Tuesday, September 09, 2008

Wolfberry update

Autumn is when wolfberries are supposed to start fruiting, and indeed, they're becoming much more visibly active. The long, trailing stalks that the plants sent out in the summer are now covered in little buds and flowers.

During the summer, the plants didn't look too good. The long stalks (called vines by most people, but inaccurately to my mind since they don't cling), lay around untidily all over the place, prey to every kind of foliage eating thing that crawls on the ground. One insect that wreaked particular havoc is a species of leaf beetle, the "kuso ha-mushi", literally, the "shit leaf beetle". The larvae of this attractively-named orange beetle covers itself in its own excrement, of which it has lots, because it has a prodigious appetite. In fact it stripped most of the stalks almost completely, while the leaves that survived were full of holes. At first, I busied myself squashing each larva by hand, but they were legion, and squishing little agglomerations of shit isn't very nice. I then tried breaking up an old cigar (I've given them up) into water and spraying it on the plants. This made them smell interestingly of old cigar, but didn't deter the beetles and their ill-mannered children one jot. Then I tried spraying a 30-70 mixture of milk and water, which made the plants stink of milk. Since the larvae soon disappeared, either this treatment worked, or their season had come to its end. These beetles are supposed to be a significant pest for commercial growers, so I'll be watching out for them next year.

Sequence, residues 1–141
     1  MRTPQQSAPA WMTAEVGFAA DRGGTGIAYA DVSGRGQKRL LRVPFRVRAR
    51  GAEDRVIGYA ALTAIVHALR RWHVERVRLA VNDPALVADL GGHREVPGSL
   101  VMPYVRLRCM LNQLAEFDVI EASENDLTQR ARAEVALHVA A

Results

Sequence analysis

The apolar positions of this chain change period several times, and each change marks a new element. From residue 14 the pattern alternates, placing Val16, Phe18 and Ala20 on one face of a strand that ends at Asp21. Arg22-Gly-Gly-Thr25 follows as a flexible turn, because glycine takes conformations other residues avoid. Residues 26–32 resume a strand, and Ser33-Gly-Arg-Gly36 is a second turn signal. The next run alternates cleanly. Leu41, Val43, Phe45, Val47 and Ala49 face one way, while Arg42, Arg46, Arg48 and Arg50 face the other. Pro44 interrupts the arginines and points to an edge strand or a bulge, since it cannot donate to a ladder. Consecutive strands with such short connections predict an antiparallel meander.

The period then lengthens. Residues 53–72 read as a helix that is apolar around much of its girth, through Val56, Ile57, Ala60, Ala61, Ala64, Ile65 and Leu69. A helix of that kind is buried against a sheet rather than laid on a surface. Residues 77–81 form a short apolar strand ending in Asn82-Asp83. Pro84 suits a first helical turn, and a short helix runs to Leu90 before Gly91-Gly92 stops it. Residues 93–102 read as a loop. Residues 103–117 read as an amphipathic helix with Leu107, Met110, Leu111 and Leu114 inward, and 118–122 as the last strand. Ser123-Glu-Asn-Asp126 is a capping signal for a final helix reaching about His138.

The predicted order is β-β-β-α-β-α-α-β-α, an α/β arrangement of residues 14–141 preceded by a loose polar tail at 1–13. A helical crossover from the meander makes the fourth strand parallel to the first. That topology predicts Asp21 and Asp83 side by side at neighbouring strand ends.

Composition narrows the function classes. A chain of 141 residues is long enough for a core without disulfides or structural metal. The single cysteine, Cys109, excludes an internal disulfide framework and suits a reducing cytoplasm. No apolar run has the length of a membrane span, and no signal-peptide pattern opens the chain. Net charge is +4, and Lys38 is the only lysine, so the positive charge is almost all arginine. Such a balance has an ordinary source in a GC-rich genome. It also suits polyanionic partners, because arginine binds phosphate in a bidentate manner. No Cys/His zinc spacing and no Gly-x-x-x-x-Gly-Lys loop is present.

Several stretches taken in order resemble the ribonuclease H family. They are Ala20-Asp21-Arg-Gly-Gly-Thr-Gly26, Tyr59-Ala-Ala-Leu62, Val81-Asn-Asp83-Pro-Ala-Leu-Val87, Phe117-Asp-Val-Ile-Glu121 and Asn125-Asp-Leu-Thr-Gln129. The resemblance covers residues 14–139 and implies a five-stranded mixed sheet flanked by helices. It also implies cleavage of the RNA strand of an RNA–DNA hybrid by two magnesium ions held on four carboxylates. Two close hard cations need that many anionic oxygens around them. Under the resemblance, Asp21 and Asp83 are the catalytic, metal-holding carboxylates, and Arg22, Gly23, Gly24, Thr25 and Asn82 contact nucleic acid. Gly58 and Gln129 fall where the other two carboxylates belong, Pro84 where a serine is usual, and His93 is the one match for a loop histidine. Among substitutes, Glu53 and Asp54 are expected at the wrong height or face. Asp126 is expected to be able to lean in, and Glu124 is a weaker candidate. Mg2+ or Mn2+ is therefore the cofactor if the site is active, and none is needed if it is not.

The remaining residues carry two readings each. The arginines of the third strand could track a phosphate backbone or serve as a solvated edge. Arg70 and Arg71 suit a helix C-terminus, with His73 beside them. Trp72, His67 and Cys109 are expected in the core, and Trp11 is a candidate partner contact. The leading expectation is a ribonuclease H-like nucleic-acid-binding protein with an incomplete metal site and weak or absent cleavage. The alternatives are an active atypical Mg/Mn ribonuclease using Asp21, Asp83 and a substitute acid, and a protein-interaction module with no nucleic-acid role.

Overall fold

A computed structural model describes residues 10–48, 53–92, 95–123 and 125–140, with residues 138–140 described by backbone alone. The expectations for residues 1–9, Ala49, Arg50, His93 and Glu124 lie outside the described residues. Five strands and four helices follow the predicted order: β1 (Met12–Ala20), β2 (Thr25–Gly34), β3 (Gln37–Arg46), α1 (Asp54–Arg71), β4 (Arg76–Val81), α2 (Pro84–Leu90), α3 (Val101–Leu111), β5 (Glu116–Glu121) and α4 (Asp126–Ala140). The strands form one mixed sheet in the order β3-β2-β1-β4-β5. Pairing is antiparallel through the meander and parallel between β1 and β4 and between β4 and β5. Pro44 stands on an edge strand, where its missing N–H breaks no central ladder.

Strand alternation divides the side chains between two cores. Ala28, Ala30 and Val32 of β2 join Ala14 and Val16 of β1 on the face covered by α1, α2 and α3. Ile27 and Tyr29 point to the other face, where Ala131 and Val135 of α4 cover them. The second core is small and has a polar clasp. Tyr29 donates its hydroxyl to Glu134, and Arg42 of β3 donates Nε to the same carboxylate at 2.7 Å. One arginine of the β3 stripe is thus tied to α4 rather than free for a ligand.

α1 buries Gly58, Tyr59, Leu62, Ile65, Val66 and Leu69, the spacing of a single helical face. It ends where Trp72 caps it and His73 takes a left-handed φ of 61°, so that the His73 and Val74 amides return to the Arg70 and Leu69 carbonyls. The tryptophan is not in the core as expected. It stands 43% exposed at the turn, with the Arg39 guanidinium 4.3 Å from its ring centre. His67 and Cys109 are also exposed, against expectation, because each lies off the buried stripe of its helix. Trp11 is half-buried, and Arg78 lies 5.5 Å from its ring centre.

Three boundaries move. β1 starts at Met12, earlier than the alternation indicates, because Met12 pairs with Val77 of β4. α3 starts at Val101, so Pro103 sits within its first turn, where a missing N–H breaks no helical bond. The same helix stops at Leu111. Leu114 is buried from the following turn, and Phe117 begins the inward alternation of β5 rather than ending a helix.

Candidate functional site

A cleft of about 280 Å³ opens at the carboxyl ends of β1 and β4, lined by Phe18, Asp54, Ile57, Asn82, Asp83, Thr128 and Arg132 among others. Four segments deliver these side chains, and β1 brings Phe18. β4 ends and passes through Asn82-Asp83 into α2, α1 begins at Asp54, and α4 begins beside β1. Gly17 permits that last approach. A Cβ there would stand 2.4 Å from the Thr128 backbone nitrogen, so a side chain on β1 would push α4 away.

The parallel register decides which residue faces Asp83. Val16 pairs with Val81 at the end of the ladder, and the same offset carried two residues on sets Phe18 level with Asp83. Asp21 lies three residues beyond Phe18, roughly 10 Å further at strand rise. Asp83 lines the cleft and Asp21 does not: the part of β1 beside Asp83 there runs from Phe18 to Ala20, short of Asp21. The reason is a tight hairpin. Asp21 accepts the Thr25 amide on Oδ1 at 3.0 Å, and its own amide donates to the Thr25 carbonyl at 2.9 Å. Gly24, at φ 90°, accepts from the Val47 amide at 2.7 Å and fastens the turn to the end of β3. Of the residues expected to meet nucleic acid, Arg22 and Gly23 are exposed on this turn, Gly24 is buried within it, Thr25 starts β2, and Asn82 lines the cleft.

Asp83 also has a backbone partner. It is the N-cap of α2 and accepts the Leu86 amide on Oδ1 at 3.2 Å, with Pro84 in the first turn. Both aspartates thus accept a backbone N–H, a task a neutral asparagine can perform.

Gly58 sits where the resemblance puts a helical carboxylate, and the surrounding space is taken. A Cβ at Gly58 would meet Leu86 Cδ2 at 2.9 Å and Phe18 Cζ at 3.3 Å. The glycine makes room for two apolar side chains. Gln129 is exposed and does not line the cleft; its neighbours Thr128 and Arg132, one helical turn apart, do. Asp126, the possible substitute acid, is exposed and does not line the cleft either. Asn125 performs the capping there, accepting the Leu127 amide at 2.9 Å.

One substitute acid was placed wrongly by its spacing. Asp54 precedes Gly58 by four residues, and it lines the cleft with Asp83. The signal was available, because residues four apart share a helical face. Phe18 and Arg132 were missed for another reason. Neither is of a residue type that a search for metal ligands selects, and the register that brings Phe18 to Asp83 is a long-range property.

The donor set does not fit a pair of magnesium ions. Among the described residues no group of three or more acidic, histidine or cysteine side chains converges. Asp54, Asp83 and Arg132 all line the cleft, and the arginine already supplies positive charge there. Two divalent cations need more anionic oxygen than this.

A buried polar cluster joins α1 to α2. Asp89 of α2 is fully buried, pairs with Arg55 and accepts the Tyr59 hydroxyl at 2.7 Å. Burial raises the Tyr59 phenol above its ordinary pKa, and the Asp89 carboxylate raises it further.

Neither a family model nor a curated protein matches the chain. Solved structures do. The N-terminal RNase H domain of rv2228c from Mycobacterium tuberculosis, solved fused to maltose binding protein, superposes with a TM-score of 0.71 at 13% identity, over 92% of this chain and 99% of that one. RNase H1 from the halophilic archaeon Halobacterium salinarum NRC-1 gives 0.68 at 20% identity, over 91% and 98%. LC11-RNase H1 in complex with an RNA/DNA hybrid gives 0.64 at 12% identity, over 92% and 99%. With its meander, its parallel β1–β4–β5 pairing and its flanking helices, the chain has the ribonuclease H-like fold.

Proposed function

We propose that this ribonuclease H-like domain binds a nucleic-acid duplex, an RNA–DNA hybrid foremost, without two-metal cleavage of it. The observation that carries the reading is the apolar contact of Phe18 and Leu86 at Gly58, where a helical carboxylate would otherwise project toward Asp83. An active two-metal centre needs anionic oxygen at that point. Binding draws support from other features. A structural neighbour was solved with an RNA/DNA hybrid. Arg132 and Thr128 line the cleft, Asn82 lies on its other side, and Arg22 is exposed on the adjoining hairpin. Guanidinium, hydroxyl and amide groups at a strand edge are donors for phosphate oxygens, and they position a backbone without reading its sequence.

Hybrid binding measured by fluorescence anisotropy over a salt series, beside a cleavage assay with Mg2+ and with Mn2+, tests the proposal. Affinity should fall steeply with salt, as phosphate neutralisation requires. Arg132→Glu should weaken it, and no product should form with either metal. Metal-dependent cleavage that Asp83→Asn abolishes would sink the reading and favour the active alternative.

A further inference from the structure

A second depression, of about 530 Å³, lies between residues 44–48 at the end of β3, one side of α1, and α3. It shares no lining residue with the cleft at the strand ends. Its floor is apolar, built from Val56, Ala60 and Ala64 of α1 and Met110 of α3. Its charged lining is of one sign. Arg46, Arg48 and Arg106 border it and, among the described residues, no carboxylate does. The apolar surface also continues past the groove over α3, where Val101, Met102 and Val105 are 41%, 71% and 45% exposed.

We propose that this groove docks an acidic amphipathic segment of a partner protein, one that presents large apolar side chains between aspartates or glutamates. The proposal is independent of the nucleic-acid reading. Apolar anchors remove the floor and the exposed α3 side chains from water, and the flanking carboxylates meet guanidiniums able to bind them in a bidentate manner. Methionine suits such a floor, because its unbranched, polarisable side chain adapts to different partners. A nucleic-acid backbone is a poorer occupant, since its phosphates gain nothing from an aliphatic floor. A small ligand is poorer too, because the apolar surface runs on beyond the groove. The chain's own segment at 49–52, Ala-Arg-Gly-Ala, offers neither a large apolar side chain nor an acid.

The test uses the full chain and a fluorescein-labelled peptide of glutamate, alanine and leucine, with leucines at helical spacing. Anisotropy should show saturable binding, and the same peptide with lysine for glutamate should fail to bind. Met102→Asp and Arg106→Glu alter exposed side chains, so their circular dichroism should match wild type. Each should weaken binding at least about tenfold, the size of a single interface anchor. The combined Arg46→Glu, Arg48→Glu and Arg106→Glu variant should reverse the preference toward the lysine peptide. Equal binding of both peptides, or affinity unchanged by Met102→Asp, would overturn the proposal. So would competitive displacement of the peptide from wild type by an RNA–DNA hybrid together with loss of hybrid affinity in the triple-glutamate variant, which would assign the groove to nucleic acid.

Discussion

Left: Beetle, Right: Larvae
A photo borrowed from this Japanese site

Once this menace was past, I resolved to tie up the stalks to bamboo canes, and this seems to have been a good move. They look tidier, and they soon grew back dense new foliage. They also look as though they will eventually serve one part of their purpose, as a prickly hedge, quite admirably. I won't be sorry to see less of the concrete wall behind them either. I'm quite excited about my wolfberries, especially since they're putting forth what promises to be an abundant crop, yea, even in their very first year.

Behind the new growth, old leaves have been ravished
by the "shit leaf beetle" larvae

The leaves are supposed to be edible in salads and as garnishes. I nibbled on a young, tender leaf, and it didn't taste good. However, if the fruit proves as abundant as it hints, I shall be quite satisfied with that.

I've been reading up on wolfberries/goji and it seems the name goji is something of a fraud, and the extravagant claims made for Chinese wolfberries apply only to the Tibetan variety. More here.

The black soil that you can see in this photo is my own home-produced compost. I want my wolfberries to be surrounded by strong, drought-resistant clover, and so I reseeded it in compost from the bottom of my pile. It seems to be a rather superior product.

Those who are tempted to grow their own wolfberries may find this page a useful resource. I also enjoyed this page from a gardener in Pennsylvania.